Expectation

About a month ago I made a mistake. It happened sometime between my early morning preparation for waiting worship and the rise of Meeting.

The concept of the transpersonal is one which I have thought I understood intellectually for decades, going back to my naïve fascination with mystical paths in the 1970s, and maturing through years of contemplation and study.

That First Day, though, the concept became viscerally alive as I read a selection in The Essential Ken

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Miksang: contemplative photography

Friend Wendy has introduced me to a Tibetan Buddhist term for the sort of photography I am drawn to.

As the Miksang Institute for Contemplative Photography website explains,
Miksang is a Tibetan word that translates as “good eye.”

Miksang, at its most basic level, is concerned with uncovering the truth of pure perception. We see something vivid and penetrating, and in that moment we can express our perception without making anything up—nothing added, nothing missing…. One moment,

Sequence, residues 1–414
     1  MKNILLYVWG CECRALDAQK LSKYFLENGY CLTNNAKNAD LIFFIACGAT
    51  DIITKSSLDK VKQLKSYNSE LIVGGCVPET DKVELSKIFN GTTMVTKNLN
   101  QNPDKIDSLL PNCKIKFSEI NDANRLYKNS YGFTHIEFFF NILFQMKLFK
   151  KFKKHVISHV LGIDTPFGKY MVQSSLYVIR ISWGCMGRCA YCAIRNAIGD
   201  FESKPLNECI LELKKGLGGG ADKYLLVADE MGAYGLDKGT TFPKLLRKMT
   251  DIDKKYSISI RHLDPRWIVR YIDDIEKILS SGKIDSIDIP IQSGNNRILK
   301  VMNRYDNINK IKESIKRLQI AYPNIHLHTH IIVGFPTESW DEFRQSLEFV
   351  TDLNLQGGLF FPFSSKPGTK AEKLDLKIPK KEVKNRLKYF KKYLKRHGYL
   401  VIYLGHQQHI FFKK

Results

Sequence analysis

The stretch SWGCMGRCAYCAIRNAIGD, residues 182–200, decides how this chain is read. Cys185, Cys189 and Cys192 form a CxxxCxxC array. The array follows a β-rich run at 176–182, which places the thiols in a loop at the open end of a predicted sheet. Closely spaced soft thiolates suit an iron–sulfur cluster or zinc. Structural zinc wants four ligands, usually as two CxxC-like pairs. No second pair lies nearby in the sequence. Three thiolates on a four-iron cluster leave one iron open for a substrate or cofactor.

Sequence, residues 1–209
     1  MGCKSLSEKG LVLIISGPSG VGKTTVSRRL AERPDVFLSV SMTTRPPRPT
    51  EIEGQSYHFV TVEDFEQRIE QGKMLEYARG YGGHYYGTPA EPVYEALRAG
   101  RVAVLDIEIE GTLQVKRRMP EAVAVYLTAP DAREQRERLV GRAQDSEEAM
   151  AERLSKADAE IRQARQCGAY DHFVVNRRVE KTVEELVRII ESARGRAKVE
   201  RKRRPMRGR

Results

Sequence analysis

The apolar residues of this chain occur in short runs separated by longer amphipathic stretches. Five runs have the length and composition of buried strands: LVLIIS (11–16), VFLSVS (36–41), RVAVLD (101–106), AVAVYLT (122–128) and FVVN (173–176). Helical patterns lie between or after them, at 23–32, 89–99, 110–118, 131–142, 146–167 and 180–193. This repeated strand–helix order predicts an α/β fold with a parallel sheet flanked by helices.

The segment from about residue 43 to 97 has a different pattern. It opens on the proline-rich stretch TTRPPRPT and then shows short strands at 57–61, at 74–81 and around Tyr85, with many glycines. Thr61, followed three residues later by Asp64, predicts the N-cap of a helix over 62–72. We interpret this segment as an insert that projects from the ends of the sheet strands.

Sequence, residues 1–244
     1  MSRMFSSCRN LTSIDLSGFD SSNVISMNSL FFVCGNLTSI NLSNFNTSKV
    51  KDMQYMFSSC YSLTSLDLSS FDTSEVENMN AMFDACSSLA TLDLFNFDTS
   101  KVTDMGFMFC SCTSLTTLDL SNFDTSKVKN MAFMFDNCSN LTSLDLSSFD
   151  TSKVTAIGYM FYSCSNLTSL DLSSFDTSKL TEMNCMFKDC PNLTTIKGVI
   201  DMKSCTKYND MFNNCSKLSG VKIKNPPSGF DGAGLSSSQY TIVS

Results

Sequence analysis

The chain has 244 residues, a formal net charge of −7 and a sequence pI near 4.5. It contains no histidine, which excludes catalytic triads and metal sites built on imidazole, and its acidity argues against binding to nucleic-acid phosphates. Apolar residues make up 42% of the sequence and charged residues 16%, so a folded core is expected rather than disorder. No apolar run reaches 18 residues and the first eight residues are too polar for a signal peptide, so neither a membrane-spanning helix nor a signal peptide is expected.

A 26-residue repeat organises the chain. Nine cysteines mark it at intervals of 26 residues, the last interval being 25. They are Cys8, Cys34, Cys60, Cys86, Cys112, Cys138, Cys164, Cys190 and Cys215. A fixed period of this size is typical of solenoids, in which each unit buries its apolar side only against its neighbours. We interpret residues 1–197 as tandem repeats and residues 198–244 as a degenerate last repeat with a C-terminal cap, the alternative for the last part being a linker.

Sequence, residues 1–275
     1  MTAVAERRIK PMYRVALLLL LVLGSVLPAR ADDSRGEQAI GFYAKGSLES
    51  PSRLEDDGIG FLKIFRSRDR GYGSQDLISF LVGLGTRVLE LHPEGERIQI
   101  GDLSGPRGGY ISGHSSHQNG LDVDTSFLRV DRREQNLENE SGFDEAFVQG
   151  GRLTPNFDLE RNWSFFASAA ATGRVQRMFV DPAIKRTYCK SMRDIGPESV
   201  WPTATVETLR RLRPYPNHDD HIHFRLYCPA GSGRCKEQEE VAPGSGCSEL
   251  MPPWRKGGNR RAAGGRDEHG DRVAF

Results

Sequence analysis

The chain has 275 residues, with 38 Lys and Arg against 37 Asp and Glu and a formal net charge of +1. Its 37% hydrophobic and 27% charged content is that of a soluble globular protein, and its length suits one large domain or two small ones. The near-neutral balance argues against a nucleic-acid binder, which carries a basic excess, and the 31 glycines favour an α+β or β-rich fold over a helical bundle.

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“Pray for Others”

Each year on my birthday, I look forward to reading the meditation for August 29th in Daily Word, the devotional magazine of Unity Church.

The message has always tended to be something I could welcome as a motto for the new year, something which affirmed my sense of self and reassured me that I was on the so-called “spiritual path.”

This year, however, I stumbled mentally. The day’s topic was “Pray for Others,” and the opening affirmation was:

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Descartes’ other error

One of my Friendly correspondents has reminded me that, back in February, I addressed some of the concerns of the previous post from the perspective of my alter-ego Walhydra’s hopeful skepticism.

In “The Virgin of Hollywood, Florida,” Walhydra groused at length about the gullibility of “the masses,” who blithely toss their belief after every tabloid headline, urban legend, or political sound bite.

Yet she found herself wondering: “How does one move from scorn for the credulous to a working, sustaining

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